Shift 2 is improved in just about every way possible
peej about Shift 2: Unleashed
Movie tie-ins are a hit and miss affair at best. For developers, it must feel like being handed the poisoned chalice to be given a major movie license to work with. Your creative hands are tied to a certain extent and you’ve somehow got to cobble together a game without upsetting the original source material or fans of the movie you’re basing your game on.
Megamind: Ultimate Showdown picks up where the movie left off with the megalomaniac braniac comfortable in his position as the new arch-defender of Metro City.A superhero’s life is not always a happy one, and just as soon as Megamind gets his feet firmly under the table, Metro City descends into chaos. Megamind’s lair is breached, and his secret genetic material and hoard of hi-tech gadgets are stolen.It’s up to Megamind, aided (or should that be hindered) by his faithful minion, er, Minion to get the gadgets back, steal back MetroMan’s DNA and stop the evil Doom Syndicate from taking over the city.
Megamind: Ultimate Showdown retains the quirky B-Movie visuals of the film, offering a hub-based action adventure playing out across several locations in Metro City. Megamind’s lair is the jump-off point for various missions, marked on a handy map.The lair is also the place to upgrade Megamind’s abilities and arsenal, track his achievements in the game and basically a place to get nagged at (very frequently) by Minion to get on with the next task in hand.
Each level comprises a mix of puzzle solving and combat. Kicking off in a local Museum, Megamind soon finds that a piffling hand-held death ray isn’t always enough to defeat wave after wave of neckless goons. Collecting power-ups and tokens in each level mean that Megamind can spend his spondulix on upgrades back at base.The main game can be played through in co-op mode, which is quite a cool feature. It’s also worth noting that the PS3 version (reviewed) had nice crisp visuals, no tearing and no slowdown during busy fights with a lot of on-screen action.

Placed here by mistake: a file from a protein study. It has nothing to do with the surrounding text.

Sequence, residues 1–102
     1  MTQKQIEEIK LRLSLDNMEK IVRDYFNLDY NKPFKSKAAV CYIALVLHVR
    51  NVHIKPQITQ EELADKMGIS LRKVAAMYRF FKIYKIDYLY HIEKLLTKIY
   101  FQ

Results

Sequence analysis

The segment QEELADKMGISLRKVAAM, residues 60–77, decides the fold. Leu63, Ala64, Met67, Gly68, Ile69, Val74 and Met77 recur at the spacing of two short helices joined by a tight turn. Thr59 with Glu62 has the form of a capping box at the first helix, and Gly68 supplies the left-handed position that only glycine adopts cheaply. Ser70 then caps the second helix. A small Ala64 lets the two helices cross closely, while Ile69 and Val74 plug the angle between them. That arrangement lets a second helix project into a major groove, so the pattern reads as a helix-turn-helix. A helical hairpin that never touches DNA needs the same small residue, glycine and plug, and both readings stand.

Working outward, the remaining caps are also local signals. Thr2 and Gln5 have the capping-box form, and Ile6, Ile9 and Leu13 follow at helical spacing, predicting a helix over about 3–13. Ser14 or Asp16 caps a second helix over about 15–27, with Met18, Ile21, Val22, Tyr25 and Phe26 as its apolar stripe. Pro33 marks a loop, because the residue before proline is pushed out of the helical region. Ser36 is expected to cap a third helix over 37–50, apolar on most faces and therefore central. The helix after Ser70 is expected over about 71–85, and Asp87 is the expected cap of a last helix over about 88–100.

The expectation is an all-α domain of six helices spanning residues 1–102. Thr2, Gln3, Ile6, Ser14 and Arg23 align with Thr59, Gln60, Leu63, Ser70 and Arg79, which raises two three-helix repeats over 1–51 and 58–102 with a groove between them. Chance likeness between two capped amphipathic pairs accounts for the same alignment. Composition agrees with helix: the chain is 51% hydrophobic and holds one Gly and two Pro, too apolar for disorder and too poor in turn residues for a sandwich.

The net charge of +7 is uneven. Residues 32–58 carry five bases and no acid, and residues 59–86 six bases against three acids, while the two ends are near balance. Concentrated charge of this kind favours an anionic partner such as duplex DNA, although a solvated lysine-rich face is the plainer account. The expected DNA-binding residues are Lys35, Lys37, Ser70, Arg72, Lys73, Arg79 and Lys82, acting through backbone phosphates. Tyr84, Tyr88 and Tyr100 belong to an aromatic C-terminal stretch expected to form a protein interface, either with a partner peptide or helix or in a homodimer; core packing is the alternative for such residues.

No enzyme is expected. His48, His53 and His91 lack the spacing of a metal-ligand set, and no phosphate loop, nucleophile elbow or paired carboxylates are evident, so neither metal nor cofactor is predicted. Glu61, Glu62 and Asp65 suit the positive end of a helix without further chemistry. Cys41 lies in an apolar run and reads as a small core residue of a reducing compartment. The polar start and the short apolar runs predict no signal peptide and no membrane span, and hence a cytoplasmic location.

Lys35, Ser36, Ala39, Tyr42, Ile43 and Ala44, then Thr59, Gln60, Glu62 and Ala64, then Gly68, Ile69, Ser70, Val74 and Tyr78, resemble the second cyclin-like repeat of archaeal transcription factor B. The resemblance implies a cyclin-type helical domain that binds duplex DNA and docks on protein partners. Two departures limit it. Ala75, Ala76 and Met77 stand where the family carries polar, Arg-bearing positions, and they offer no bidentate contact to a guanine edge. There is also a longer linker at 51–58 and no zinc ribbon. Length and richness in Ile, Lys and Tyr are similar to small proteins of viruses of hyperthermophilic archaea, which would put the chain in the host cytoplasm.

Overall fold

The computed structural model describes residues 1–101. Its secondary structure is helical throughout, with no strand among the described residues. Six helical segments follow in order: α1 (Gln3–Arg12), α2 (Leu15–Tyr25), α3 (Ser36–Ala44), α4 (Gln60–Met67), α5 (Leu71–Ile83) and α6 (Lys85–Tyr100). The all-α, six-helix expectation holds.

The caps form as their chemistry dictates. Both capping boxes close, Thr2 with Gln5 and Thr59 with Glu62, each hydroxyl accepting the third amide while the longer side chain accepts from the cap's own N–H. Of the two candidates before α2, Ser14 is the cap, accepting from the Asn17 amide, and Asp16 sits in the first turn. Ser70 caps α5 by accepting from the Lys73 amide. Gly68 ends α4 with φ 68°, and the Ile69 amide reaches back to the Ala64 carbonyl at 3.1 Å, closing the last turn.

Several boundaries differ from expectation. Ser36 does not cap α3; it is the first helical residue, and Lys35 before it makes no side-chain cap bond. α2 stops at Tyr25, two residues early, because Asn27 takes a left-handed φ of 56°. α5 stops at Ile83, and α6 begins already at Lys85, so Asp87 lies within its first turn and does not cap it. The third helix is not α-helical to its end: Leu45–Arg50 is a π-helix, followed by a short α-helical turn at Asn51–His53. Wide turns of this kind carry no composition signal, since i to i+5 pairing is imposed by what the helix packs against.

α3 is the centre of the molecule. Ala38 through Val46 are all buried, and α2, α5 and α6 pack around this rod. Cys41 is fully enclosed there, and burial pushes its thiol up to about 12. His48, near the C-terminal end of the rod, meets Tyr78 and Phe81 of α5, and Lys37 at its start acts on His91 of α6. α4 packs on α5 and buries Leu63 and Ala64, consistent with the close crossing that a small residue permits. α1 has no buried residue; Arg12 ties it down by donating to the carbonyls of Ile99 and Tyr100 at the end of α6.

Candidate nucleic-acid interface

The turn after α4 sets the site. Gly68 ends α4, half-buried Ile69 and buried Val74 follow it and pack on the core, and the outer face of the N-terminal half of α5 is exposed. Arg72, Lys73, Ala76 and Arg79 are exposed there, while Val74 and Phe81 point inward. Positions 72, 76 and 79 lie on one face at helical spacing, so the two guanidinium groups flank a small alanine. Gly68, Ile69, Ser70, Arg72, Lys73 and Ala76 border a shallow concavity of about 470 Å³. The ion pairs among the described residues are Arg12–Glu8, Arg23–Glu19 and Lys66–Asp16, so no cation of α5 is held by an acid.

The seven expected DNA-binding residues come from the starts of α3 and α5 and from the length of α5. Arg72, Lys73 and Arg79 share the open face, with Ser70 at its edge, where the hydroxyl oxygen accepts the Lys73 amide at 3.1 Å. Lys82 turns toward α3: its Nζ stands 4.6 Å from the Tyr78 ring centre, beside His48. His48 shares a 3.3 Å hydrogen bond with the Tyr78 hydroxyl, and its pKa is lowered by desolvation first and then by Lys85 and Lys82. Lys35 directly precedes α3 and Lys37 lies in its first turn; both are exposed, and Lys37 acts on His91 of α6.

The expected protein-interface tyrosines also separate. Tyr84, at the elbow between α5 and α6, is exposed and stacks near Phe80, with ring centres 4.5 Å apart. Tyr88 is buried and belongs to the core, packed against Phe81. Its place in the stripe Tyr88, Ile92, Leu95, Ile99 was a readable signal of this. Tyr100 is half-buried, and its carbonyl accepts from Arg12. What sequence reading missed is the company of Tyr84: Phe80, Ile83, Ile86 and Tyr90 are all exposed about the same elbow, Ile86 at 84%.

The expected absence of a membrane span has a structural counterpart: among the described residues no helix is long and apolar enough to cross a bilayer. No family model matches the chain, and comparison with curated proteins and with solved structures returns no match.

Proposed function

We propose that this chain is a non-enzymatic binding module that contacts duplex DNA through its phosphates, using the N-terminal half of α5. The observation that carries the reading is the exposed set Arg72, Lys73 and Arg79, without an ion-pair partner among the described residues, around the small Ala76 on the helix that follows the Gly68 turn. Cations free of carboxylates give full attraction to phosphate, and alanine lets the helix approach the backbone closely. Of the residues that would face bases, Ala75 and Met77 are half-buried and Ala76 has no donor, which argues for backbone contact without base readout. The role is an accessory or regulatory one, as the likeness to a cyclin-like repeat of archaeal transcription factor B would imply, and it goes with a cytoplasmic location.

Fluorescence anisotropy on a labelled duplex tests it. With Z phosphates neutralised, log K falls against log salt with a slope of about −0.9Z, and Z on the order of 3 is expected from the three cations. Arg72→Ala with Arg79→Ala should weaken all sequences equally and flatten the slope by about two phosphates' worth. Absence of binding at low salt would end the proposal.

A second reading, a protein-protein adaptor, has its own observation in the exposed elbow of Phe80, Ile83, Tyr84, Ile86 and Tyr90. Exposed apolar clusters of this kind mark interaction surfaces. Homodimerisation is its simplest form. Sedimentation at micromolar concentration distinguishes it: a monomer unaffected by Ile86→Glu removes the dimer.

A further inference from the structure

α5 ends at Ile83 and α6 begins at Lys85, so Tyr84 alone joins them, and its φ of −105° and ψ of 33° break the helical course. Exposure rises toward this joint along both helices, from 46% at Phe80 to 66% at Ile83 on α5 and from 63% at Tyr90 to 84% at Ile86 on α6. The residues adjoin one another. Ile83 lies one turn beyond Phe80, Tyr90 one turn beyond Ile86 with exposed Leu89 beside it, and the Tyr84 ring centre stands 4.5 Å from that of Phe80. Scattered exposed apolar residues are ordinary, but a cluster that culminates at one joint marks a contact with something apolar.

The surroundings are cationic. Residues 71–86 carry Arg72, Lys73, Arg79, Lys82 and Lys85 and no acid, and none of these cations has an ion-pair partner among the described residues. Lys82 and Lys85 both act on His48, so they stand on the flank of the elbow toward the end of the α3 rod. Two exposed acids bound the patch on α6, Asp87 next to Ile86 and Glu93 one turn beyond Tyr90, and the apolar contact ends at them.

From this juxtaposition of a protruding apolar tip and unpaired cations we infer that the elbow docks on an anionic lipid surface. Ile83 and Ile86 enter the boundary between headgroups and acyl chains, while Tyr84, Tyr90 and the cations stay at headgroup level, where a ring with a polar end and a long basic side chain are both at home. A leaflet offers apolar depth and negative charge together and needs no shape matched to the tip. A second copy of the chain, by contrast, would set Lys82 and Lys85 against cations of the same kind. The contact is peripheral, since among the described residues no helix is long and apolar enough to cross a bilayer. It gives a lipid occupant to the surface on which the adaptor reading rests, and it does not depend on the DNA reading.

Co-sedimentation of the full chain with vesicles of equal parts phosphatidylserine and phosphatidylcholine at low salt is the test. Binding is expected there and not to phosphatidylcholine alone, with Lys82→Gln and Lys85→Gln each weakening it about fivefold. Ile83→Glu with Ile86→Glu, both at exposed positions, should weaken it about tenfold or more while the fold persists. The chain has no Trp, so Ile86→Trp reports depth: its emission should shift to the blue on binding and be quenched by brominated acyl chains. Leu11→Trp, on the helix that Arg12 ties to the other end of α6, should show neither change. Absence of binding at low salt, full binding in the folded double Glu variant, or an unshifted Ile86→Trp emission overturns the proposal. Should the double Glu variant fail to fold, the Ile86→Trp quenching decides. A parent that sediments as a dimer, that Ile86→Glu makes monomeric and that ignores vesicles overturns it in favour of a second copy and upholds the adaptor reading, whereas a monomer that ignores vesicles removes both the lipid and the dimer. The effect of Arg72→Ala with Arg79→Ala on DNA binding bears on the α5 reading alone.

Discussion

Megamind: Ultimate Showdown falls down on being pretty repetitive. Despite the varied locations and baddies you’ll find yourself fighting, it seems to take ages to feel like you’re getting anywhere and even when you recover a stolen item, you can guarantee that the next level in the game will just dish up more of the same button-mashing combat, the same “find the switch” type puzzling and the inevitable showdown with punishing bosses.Fair play to THQ for covering as many bases as possible when it comes to movie licences (the game goes out on just about any format currently available, and each version of the game is specifically tailored for the console it’s running on). The PS3 (and 360) versions are virtually identical.
Perhaps the problem lies with the subject matter. Picking up the movie action some time after the film is set means you’ve got to practically invent a Megamind sequel from scratch. Megamind: Ultimate Showdown’s storyline feels hackneyed and clichéd which does nothing to counteract the overall feeling of repetitiveness. It’s also ridiculously easy, so if you want some extra platinum trophies to decorate your PS3’s awards cabinet with, here’s a good game to grind through to get ‘em.
In summary then, the game’s aimed at a younger audience and die-hard fans of the movie will probably enjoy the game’s faithful reproduction of the movie heroes and villains, but it seriously lacks long-term appeal and it won’t be long before even the most dedicated player moves on to something better. The game is pitched at pocket-money prices so if your kids really couldn’t get enough of the movie, it’s at least a fairly cheap extra present to keep them out of your hair for a while on Christmas Day.